Modern medical technology seems to confront us with many questions not faced even a decade ago. Corresponding changes in medical practice have benefited many, but have also prompted fears by some that they will be aggressively treated against their will or denied the kind of care that is their due as human persons with inherent dignity. Current debates about life-sustaining treatment suggest that our society's moral reflection is having difficulty keeping pace with its technological progress.
A religious view of life has an important contribution to make to these modern debates. Our Catholic tradition has developed a rich body of thought on these questions, which affirms a duty to preserve human life but recognizes limits to that duty.
Our first goal in making this statement is to reaffirm some basic principles of our moral tradition, to assist Catholics and others in making treatment decisions in accord with respect for God's gift of life.
These principles do not provide clear and final answers to all moral questions that arise as individuals make difficult decisions. Catholic theologians may differ on how best to apply moral principles to some questions not explicitly resolved by the Church's teaching authority. Likewise, we understand that those who must make serious health care decisions for themselves or for others face a complexity of issues, circumstances, thoughts and emotions in each unique case.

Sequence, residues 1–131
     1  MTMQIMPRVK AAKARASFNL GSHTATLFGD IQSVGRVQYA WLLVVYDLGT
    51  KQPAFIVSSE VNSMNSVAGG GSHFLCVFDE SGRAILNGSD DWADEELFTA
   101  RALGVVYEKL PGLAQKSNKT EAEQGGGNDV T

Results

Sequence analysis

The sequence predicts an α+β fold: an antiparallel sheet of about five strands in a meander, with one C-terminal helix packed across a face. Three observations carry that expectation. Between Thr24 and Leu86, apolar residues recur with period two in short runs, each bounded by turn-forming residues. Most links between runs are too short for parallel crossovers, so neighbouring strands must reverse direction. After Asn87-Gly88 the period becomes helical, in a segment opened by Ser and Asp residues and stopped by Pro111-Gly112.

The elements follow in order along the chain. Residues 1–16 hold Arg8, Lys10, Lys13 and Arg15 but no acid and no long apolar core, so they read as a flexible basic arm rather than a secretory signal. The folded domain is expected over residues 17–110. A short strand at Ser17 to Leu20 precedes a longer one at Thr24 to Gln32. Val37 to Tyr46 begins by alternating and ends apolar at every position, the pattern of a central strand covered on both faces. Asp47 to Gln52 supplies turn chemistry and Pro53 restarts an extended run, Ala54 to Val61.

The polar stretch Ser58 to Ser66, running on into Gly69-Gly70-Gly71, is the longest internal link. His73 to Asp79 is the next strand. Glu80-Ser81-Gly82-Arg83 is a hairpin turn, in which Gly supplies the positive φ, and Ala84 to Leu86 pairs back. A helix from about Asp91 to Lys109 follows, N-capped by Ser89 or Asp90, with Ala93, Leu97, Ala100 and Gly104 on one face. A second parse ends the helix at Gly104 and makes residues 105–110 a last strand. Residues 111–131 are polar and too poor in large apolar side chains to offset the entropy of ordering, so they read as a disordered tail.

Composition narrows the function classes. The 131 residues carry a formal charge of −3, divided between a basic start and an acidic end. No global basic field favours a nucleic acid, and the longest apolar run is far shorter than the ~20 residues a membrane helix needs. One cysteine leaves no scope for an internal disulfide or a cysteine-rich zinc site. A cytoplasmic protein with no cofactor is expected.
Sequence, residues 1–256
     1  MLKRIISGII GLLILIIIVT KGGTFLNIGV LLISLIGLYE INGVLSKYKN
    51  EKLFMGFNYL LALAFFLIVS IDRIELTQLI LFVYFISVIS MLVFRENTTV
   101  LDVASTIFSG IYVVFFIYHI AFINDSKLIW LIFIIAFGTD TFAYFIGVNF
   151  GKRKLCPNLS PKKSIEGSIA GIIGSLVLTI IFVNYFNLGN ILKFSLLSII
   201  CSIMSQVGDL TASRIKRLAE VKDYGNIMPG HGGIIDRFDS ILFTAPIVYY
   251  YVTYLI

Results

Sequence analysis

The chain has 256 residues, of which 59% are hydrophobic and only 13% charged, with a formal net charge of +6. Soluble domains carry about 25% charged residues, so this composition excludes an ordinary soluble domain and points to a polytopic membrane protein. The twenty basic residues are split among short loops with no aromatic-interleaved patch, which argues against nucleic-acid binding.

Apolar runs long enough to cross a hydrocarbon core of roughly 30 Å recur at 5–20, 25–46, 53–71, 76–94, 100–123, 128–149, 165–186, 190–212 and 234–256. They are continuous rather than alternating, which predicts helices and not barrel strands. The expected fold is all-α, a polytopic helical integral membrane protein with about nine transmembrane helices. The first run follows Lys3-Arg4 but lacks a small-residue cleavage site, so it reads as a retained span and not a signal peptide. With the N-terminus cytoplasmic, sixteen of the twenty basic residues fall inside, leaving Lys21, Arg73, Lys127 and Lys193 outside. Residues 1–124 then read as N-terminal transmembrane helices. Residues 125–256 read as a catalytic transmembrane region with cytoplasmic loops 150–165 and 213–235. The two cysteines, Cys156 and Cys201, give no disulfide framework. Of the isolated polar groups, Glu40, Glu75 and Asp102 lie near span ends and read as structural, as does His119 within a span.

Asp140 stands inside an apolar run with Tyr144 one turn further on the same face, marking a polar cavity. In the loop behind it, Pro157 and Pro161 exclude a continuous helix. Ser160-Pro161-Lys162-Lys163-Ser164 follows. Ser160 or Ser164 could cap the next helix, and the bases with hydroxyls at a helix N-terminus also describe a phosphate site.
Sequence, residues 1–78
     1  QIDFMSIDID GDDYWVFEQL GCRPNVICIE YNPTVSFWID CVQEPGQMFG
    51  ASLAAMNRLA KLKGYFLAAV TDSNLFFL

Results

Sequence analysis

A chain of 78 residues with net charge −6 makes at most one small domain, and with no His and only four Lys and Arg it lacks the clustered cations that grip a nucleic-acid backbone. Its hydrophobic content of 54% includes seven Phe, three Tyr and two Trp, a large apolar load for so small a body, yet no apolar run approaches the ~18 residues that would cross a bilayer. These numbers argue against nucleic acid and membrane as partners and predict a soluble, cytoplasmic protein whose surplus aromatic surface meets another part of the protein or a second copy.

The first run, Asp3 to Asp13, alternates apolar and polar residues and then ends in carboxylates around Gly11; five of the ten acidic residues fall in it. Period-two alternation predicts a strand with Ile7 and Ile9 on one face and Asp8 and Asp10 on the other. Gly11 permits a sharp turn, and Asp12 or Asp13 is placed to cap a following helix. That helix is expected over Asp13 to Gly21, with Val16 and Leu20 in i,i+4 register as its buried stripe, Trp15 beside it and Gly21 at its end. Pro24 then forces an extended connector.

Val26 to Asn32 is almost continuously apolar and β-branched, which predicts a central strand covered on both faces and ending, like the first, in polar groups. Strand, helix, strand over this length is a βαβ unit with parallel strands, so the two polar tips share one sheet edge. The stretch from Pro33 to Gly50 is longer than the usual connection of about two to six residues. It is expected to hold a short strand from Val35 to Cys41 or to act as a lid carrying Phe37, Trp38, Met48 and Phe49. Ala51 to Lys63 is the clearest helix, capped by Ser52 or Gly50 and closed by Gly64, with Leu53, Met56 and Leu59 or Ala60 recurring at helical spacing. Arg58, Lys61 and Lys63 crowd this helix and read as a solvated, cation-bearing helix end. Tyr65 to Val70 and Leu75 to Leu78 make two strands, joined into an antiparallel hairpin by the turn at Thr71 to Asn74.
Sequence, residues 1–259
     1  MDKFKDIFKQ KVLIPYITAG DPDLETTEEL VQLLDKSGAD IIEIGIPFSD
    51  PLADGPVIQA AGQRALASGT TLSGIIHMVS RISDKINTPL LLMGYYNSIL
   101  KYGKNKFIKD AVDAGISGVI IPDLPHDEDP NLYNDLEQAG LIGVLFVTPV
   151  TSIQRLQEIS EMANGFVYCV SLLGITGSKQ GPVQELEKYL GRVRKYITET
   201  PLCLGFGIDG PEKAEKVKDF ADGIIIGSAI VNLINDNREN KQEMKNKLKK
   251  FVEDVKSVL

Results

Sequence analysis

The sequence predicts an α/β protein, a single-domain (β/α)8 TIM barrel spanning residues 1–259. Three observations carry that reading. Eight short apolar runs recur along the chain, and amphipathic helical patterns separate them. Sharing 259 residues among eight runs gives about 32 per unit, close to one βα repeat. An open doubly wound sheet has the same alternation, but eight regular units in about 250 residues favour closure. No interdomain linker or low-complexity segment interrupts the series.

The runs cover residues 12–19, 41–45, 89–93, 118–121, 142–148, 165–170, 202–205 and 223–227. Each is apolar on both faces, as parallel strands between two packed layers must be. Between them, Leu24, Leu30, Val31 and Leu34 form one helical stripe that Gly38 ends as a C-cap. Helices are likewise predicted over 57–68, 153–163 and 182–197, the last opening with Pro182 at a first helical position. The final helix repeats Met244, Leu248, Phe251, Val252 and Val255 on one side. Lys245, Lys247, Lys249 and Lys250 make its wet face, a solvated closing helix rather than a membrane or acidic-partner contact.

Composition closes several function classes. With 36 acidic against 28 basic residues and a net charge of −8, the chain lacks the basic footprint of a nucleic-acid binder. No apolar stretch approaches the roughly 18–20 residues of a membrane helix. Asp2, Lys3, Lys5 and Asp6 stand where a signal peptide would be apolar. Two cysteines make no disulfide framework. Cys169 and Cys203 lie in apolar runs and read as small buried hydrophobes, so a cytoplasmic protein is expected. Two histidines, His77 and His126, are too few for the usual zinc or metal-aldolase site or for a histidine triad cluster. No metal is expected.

This is the case with some questions involving the medically assisted provision of nutrition and hydration to helpless patients -- those who are seriously ill, disabled or persistently unconscious. These questions have been made more urgent by widely publicized court cases and the public debate to which they have given rise.
Our second purpose in issuing this statement, then, is to provide some clarification of the moral issues involved in decisions about medically assisted nutrition and hydration. We are fully aware that such guidance is not necessarily final, because there are many unresolved medical and ethical questions related to these issues and the continuing development of medical technology will necessitate ongoing reflection. But these decisions already confront patients, families and health care personnel every day. They arise whenever competent patients make decisions about medically assisted nutrition and hydration for their own present situation, when they consider signing an advance directive such as a "living will" or health care proxy document, and when families or other proxy decisionmakers make decisions about those entrusted to their care. We offer guidance to those who, facing these issues, might be confused by opinions that at times threaten to deny the inherent dignity of human life. We therefore address our reflections first to those who share our Judeo-Christian traditions, and secondly to others concerned about the dignity and value of human life who seek guidance in making their own moral decisions.